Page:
Kin of Andhra man abducted in Libya seek assurance on his release

  • Prasad Nichenametla, Hindustan Times, Hyderabad
  • Updated: Sep 19, 2015 02:20 IST

Family members of Dr Ramamurthy Kosanam, one of the Indians recently abducted in Libya, are set to meet chief minister Chandrababu Naidu on Saturday and request him to urge the Centre to ensure his safe release.

The family has been spending very anxious moments ever since news broke that the other Indian abducted along with him, Pravash Ranjan Samal , has escaped from his captors. There has been no communication yet from the ministry of external affairs on whether Dr Kosanam is safe.

Both Dr Kosanam and Samal were reportedly picked up by Islamic militants on September 8 from Sirte’s Ibn-e-Sina hospital where they worked.

Dr Kosanam(60), who hails from Eluru town in Andhra Pradesh, has been serving in Libya since 1999. His family said he was making plans to leave the strife-torn country and return permanently to India.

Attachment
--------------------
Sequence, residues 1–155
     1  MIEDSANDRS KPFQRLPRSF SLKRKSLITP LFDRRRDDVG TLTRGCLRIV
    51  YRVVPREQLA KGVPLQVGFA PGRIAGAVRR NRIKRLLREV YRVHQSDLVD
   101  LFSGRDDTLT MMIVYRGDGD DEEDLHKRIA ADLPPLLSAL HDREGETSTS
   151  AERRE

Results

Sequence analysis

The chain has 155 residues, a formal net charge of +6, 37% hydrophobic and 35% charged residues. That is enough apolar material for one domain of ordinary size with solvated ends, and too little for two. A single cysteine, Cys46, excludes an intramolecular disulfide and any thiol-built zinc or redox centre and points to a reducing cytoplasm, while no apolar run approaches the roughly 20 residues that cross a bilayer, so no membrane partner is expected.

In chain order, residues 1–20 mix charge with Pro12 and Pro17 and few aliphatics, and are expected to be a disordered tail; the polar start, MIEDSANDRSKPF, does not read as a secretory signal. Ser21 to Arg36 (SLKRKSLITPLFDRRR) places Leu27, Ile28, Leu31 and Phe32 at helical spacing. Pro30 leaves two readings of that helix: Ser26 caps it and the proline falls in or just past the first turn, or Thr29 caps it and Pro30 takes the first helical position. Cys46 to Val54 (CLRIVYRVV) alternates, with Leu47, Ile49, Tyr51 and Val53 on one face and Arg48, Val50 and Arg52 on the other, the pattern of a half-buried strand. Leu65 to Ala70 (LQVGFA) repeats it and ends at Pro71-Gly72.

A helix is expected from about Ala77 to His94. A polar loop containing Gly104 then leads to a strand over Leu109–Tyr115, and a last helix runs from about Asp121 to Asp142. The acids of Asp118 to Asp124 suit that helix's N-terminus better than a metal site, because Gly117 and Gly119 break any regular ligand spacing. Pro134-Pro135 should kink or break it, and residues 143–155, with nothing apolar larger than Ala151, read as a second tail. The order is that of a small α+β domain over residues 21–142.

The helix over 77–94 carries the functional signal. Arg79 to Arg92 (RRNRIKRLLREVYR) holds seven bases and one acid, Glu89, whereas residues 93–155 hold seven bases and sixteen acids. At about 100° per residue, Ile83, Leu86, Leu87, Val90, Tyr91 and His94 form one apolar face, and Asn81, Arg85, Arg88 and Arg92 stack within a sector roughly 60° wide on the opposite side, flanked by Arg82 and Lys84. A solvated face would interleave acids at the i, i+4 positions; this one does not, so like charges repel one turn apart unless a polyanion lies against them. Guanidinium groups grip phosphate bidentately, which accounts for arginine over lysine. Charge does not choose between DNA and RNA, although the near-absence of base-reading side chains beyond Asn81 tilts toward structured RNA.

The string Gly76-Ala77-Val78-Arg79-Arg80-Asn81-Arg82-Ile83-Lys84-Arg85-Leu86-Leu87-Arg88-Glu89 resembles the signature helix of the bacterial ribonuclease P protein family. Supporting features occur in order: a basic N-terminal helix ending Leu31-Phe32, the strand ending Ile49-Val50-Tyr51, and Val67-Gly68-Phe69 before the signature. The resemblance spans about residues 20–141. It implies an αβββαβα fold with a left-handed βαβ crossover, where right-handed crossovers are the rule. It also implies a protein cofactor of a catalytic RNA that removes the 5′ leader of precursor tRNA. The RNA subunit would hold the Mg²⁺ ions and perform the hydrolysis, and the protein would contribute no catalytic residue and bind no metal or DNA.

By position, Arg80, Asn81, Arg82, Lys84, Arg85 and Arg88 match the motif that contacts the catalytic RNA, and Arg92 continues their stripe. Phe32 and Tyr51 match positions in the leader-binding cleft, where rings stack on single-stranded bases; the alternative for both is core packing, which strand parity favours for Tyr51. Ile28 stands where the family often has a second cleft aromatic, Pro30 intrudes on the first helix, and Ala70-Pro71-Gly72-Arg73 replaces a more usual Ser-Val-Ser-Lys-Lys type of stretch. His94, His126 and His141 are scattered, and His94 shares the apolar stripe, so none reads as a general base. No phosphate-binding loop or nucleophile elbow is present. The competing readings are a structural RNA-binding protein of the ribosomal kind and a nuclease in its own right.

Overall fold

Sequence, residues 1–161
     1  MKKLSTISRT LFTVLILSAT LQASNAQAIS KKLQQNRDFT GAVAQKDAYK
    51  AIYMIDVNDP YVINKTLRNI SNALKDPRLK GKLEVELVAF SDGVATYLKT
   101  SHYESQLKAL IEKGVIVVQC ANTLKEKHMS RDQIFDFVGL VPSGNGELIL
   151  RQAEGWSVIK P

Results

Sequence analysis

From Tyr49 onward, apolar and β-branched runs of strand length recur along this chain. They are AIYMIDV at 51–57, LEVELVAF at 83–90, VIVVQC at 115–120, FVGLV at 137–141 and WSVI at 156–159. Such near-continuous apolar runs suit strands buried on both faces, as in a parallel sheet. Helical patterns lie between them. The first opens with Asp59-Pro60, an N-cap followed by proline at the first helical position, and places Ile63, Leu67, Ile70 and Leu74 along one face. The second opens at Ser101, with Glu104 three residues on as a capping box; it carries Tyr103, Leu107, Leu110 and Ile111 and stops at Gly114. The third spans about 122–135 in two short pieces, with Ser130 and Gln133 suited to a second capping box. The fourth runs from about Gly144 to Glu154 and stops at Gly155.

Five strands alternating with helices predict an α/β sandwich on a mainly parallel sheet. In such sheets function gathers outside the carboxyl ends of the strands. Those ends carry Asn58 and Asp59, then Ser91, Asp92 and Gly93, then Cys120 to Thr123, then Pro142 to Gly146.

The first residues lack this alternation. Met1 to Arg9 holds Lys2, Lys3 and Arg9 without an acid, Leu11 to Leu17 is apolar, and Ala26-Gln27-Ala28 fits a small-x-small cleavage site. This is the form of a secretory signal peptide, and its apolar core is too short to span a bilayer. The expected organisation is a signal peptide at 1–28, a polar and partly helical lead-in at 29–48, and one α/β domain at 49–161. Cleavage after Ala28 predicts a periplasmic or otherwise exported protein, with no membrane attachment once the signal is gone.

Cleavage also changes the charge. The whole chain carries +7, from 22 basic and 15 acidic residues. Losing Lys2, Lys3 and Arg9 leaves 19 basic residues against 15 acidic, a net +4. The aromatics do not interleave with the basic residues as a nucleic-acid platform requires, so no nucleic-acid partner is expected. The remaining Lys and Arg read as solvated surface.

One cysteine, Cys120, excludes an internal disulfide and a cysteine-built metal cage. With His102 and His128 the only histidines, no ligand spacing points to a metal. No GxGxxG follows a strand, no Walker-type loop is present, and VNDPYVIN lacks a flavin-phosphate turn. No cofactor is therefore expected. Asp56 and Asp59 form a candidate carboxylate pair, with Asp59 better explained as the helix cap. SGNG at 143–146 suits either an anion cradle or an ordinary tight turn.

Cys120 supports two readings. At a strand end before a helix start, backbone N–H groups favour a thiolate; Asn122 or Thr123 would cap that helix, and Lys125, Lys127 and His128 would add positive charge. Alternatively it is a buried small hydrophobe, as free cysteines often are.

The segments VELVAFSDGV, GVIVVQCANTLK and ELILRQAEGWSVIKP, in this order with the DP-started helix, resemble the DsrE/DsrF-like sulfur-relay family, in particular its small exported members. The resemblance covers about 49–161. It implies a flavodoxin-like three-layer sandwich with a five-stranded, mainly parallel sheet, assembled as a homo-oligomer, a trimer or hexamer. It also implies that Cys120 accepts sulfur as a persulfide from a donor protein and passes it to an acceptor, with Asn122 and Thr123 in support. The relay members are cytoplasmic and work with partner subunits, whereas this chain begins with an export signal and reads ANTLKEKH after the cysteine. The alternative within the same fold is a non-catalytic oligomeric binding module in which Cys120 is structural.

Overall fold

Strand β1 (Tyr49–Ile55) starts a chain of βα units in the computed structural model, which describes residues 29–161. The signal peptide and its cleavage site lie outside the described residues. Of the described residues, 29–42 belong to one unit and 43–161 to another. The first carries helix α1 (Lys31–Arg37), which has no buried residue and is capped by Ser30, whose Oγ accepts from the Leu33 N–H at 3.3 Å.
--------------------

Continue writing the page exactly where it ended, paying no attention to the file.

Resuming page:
“My husband went back there in August last year and was to come home last month. But he was asked to stay back for the Ramzan month as his services were required. Thereafter he was held up there with not much communication. We were shocked to see his name in the news. We are extremely worried and we want the government to act with compassion and bring my husband back at once,” said his wife Annapurna Bhavani.

Two other persons from Andhra Pradesh, Tiruveedula Gopikrishna and Chiluveru Balaram Kishan Balaram, too are held captive by extremists in Libya. They were taken hostage in July and officially there is no news yet on their whereabouts.

“When the two Telugus were abducted we were very scared but dad called us then saying he is safe and would return to India soon," Dr Kosanam's son Pavan Manikanta Kumar said.

In Delhi, the Andhra Pradesh Bhavan additional resident commissioner Arja Srikanth told Hindustan Times that the abducted Telugus are safe and that efforts are on to bring them back.

“We are in touch with Indian officials in Tripoli. The problem is that all communication networks and roads are destroyed in that area making it difficult to reach them,” Srikanth said.

Large swathes of Libya and Syria are under the control of the extremist Islamic State and information from the area is hard to come by.

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